StrategyThe idea is to encode the algorithm state in the data type. So there's an input data type, call it Step0Type. Then the processing at each step will accept data of type Step(N-1)Type and produce data of type StepNType. This means that if you have an error where you skipped a step on some piece of data, you'll try passing type Step(N-1)Type to a function expecting StepNType, so the type checker will catch the error.
For the date example, the input type is three values consisting of a year, month and day of the month. The output data type represents a date known to be valid. You then only allow users of the type to access the function that that creates valid dates. So, we're going to write a
Datetype that holds the year, month and day, and a
datefunction that takes a year, month and day as arguments, verifies that they represent a valid date and returns the appropriate
Date. The package doesn't export the primitive Date constructor, but does export the function that constructs only valid dates, so that any
Dateobjects that appear in client code will be valid. Functions declared to accept
Dateparameters will never see an invalid date.
CodeThe data types:
type Year = Int type Day = Int data Month = Jan | Feb | Mar | Apr | May | Jun | Jul | Aug | Sep | Oct | Nov | Dec deriving (Show, Eq, Ord, Enum) data Date = Date Year Month Day deriving (Show, Eq, Ord)These are pretty generic declarations. The only typing information is that
Dayare introduced as aliases for
Int. Now the function that checks that a date is valid and returns the
Dateobject, plus a couple of helpers:
date :: Year -> Month -> Day -> Date date year month day | year == 1752 && month == Sep && day > 2 && day < 14 = error "Date not in US calendar." | day < 1 = error "Month days start at 1." | day > daysInMonth year month = error "Day not in month." | otherwise = Date year month day daysInMonth :: Year -> Month -> Day daysInMonth year month | month `elem` [Jan, Mar, May, Jul, Aug, Oct, Dec] = 31 | month `elem` [Apr, Jun, Sep, Nov] = 30 | month == Feb = if isLeapYear year then 29 else 28 isLeapYear :: Year -> Bool isLeapYear year | year > 1752 && year `mod` 400 == 0 = True | year > 1752 && year `mod` 100 == 0 = False | otherwise = year `mod` 4 == 0The US converted to the Gregorian calendar in September of 1752. Before that, every fourth year was a leap year.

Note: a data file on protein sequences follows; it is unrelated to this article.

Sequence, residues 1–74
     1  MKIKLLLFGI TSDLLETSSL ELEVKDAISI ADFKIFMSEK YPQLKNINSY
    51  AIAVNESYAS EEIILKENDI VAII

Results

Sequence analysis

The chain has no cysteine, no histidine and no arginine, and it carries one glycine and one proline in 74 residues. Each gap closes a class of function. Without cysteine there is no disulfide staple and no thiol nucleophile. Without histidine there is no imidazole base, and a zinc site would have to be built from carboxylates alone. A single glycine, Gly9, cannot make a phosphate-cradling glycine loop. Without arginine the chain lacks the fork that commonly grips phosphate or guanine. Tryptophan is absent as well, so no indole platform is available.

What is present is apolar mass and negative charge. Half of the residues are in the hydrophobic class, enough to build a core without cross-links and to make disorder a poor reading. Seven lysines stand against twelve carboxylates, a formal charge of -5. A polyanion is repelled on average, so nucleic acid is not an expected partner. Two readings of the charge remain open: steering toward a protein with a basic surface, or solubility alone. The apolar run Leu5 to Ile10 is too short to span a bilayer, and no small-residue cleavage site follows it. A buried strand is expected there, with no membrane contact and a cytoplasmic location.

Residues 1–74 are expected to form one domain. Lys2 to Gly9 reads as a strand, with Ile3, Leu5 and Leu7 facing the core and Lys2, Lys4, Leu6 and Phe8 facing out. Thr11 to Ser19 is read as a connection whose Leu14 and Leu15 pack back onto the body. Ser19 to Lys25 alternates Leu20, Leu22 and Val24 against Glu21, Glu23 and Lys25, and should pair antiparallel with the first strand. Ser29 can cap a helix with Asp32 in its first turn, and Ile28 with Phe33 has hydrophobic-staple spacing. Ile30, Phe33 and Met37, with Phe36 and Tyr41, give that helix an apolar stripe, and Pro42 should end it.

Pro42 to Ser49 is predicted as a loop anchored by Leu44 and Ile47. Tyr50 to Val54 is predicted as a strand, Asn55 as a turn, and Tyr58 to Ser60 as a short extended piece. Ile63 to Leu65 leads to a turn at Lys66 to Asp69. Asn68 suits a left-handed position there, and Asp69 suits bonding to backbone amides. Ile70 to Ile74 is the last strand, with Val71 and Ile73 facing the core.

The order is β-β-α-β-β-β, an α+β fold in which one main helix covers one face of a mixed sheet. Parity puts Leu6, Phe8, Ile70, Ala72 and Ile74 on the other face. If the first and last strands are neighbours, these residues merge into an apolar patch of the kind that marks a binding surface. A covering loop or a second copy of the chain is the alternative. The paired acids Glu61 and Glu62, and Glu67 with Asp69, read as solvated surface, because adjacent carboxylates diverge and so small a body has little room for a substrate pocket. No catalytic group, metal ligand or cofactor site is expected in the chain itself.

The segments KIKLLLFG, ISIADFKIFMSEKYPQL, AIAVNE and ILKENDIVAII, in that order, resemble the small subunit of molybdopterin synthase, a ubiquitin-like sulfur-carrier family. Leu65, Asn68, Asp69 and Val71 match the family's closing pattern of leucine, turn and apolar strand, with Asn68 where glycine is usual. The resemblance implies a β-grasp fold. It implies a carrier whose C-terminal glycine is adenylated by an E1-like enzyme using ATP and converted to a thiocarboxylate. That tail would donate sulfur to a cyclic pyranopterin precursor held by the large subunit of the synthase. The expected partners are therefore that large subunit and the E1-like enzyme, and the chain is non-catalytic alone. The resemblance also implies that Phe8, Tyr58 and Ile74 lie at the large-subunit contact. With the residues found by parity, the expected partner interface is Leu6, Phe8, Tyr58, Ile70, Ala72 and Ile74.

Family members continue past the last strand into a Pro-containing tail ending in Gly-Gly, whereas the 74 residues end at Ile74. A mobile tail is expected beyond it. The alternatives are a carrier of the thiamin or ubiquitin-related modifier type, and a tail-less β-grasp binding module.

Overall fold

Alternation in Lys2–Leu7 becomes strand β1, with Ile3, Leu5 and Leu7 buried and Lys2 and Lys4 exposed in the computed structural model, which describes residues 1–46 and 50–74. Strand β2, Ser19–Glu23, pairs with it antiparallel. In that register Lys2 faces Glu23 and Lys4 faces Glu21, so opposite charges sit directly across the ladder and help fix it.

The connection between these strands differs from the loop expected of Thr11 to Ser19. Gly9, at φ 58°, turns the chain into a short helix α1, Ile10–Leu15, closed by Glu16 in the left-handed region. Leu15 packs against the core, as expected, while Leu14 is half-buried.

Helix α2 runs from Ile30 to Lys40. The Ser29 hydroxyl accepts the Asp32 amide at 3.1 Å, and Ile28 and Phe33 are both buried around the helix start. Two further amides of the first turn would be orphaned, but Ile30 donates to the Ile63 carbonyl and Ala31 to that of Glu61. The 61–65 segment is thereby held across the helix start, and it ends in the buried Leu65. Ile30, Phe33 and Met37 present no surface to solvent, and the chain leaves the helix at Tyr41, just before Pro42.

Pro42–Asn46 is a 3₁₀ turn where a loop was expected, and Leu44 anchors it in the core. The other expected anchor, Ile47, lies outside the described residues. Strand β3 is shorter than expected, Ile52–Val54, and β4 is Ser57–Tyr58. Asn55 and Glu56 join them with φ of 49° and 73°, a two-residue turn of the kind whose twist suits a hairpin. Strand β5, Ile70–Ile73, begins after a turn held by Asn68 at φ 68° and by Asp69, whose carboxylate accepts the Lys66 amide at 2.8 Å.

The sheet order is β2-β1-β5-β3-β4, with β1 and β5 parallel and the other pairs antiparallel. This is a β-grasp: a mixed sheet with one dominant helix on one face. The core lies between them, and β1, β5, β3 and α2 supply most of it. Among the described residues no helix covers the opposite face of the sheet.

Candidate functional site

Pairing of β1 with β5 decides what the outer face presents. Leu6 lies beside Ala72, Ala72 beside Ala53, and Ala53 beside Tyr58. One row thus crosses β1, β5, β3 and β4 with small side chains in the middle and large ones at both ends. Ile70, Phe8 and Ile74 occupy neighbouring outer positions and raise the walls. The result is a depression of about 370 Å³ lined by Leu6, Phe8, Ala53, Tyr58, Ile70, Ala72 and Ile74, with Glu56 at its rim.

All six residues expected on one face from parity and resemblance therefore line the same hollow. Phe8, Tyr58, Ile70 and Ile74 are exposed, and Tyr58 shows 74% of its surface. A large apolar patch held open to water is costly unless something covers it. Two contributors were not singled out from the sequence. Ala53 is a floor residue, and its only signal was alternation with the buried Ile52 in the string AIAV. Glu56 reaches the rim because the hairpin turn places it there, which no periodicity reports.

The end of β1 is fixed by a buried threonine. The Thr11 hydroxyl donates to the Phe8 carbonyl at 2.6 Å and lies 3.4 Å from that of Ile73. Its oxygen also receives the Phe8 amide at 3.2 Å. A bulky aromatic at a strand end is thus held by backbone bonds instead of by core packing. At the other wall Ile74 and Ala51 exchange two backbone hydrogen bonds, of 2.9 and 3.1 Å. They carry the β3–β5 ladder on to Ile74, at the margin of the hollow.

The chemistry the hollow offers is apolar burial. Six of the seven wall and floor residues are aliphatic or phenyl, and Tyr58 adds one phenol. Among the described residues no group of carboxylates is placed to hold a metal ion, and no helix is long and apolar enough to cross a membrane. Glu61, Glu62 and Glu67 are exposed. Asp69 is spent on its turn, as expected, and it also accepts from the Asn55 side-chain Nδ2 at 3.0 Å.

IsLeapYearreflects that. The date was also adjusted, so that the day after
1752 Sep 2is
1752 Sep 14.
datechecks for that first, then that the day is in the given month.
Finally, to control the export, the module starts with:
-- A date type that enforces the US calendar restrictions on dates. module Date (Date, Month(..), date, year, month, day) whereThis explicitly exports the
types, along with the constructors for
datefunction described above, and some getters that we haven't discussed. Most notably, it does not export the
Dateconstructor, so that the only way client code can construct a
Dateis to use the
While I wouldn't recommend this as a real, general-purpose date package, the error handling is simply to raise an exception, which is probably not the best choice, the entire file - including exporting the getters for the date type - can be found in the googlecode repository listed on the right, in the haskell directory.